Tenants include the Radiant Hall Arts Collective (of which Knotzland is a member), sustainable backpack producer Thread International, BoXZY, and also workforce development nonprofits like the Trade Institute of Pittsburgh and the Manufacturing Assistance Center (an initiative of the University of Pittsburgh’s Swanson School of Engineering). The standard lease offered to tenants has been for five years, with two five-year renewal options — stability and predictability that such tenants would be hard-pressed to find elsewhere, even in a city with as proud and rich a manufacturing history as Pittsburgh.

Bridgeway has been approached by other nonprofits as well as tech firms looking for such long-term, affordable space, but has turned some of them away because they don’t fit the building’s mission to provide job opportunities that are accessible to residents of the surrounding neighborhood or other systematically disinvested neighborhoods in the Pittsburgh region.

“We have some job creation metrics especially with state and federal funding, and that’s ultimately what it comes down to for us — are you creating jobs that could reasonably be offered to folks in the community,” Madia says. “If the answer to that is no, then we typically can’t offer those groups any significant amounts of space.”

The location was request-for-proposal perfect in 2016 when the University of Pittsburgh and its Swanson School of Engineering were looking to move its Manufacturing Assistance Center into the core city after two decades in a suburban industrial park.

“Since moving to Homewood late in 2017, we’ve had about 70 people a year going through our program and graduating,” says Claire Guth, director of outreach for the Manufacturing Assistance Center. “We have a ninety five percent job placement rate, and about 40 percent [of students] are coming from an underserved neighborhood in the city of Pittsburgh. About 35 percent of them are coming straight from jail.”

Guth says they have also been ramping up youth programs at the center, since 7800 Susquehanna is around the corner from a high school. “It’s a really important building for youth especially to see because a lot of kids have no idea what manufacturing is, and they don’t know what manufacturing looks like,” she says.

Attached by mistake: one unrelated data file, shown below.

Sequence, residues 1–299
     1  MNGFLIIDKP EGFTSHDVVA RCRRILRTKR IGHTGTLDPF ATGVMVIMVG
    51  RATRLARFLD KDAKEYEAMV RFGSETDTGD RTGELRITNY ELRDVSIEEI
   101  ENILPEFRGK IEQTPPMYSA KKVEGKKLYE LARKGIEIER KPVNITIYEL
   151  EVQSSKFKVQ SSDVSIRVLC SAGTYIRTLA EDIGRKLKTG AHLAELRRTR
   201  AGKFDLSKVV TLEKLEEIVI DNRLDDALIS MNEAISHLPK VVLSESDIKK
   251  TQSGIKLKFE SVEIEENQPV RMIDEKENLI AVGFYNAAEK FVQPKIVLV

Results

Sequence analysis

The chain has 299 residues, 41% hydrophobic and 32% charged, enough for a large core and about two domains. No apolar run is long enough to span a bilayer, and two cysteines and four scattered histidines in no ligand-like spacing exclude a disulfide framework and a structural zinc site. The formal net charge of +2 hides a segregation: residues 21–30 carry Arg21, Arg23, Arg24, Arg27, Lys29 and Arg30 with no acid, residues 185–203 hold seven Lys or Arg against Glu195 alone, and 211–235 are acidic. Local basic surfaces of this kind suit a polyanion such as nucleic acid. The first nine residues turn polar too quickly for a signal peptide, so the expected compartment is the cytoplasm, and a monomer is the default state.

The Trade Institute of Pittsburgh teaches masonry and carpentry construction trades mostly to formerly incarcerated individuals from the Pittsburgh area. In 2018, the institute placed 71 students in jobs paying $15/hour or better, with 85 percent of students coming out of incarceration. Steve Shelton founded the organization out of the back of his truck in 2009 before moving into the boiler room in the basement of a halfway house in Homewood.

“Being in a one thousand square foot boiler room with eight students and an instructor, we were doing good, but there’s such a demand for quality talent in the construction industry right now,” Shelton says.

The Trade Institute of Pittsburgh now leases 10,500 square feet of space at 7800 Susquehanna. “It was wide open space with concrete columns and windows, and now today I’m sitting in a beautiful office that graduates of the Trade Institute of Pittsburgh actually built,” Shelton says.

Students at The Trade Institute of Pittsburgh, many of whom were formerly incarcerated, learn masonry and carpentry at 7800 Susquehanna. (Photo courtesy CDFI Fund)

Now he’s looking forward to rehabbing an old duplex the Trade Institute of Pittsburgh acquired to serve as transitional housing for up to eight students at the institute. It’s all so poetic, because, Shelton says, it was a Homewood resident who lived a block from 7800 Susquehanna who first taught him how to mix mortar and lay brick when he was just 12 years old.

There may soon be more work in the neighborhood for Shelton’s students. Homewood has more than 2,000 vacant lots, 600 vacant buildings, and a plan to do something about them. As part of its ownership of 7800 Susquehanna, Bridgeway Capital also plans to set aside surplus funds from the building’s net income to reimburse homeowners in the surrounding blocks for home improvements like new roofs or new windows. (“We wanted to pursue a community ownership model, and foundations were really excited about it, but it just didn’t work out in the tax credit paperwork, so this is a compromise,” Shelton says.)

Bridgeway Capital is also working on a community vision for phase two of 7800 Susquehanna, taking over some additional vacant land and properties just to the west of the current building, with some frontage Braddock Avenue, a key road running through the area. Shelton is looking forward to alumni working on that as well.

“It’s a long term vision, and it happens organically,” Shelton says. “It’s not like you’re going to bring a couple hundred million dollars into a community and just drop it down and kick everybody out.”

This article is part of The Bottom Line, a series exploring scalable solutions for problems related to affordability, inclusive economic growth and access to capital. Click here to subscribe to our Bottom Line newsletter. The Bottom Line is made possible with support from Citi Community Development.

Oscar is Next City's senior economics correspondent. He previously served as Next City’s editor from 2018-2019, and was a Next City Equitable Cities Fellow from 2015-2016. Since 2011, Oscar has covered community development finance, community banking, impact investing, economic development, housing and more for media outlets such as Shelterforce, B Magazine, Impact Alpha, and Fast Company.